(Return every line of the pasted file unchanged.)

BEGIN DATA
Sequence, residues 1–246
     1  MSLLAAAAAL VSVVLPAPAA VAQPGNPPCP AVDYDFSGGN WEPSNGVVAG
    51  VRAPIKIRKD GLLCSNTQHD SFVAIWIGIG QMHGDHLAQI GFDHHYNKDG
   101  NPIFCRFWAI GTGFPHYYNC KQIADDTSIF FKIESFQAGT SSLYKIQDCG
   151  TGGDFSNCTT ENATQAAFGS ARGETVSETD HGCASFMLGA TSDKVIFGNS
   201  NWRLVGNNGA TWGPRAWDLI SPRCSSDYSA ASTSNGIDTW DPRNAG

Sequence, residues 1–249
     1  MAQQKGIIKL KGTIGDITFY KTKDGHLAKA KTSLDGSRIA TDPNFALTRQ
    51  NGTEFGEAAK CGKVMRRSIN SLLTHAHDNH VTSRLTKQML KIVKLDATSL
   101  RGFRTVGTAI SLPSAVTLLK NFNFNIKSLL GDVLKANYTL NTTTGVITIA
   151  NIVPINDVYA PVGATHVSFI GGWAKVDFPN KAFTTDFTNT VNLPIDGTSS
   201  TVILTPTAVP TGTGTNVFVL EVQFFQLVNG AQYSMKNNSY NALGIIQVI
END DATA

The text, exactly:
Sequence, residues 1–246
     1  MSLLAAAAAL VSVVLPAPAA VAQPGNPPCP AVDYDFSGGN WEPSNGVVAG
    51  VRAPIKIRKD GLLCSNTQHD SFVAIWIGIG QMHGDHLAQI GFDHHYNKDG
   101  NPIFCRFWAI GTGFPHYYNC KQIADDTSIF FKIESFQAGT SSLYKIQDCG
   151  TGGDFSNCTT ENATQAAFGS ARGETVSETD HGCASFMLGA TSDKVIFGNS
   201  NWRLVGNNGA TWGPRAWDLI SPRCSSDYSA ASTSNGIDTW DPRNAG

Sequence, residues 1–249
     1  MAQQKGIIKL KGTIGDITFY KTKDGHLAKA KTSLDGSRIA TDPNFALTRQ
    51  NGTEFGEAAK CGKVMRRSIN SLLTHAHDNH VTSRLTKQML KIVKLDATSL
   101  RGFRTVGTAI SLPSAVTLLK NFNFNIKSLL GDVLKANYTL NTTTGVITIA
   151  NIVPINDVYA PVGATHVSFI GGWAKVDFPN KAFTTDFTNT VNLPIDGTSS
   201  TVILTPTAVP TGTGTNVFVL EVQFFQLVNG AQYSMKNNSY NALGIIQVI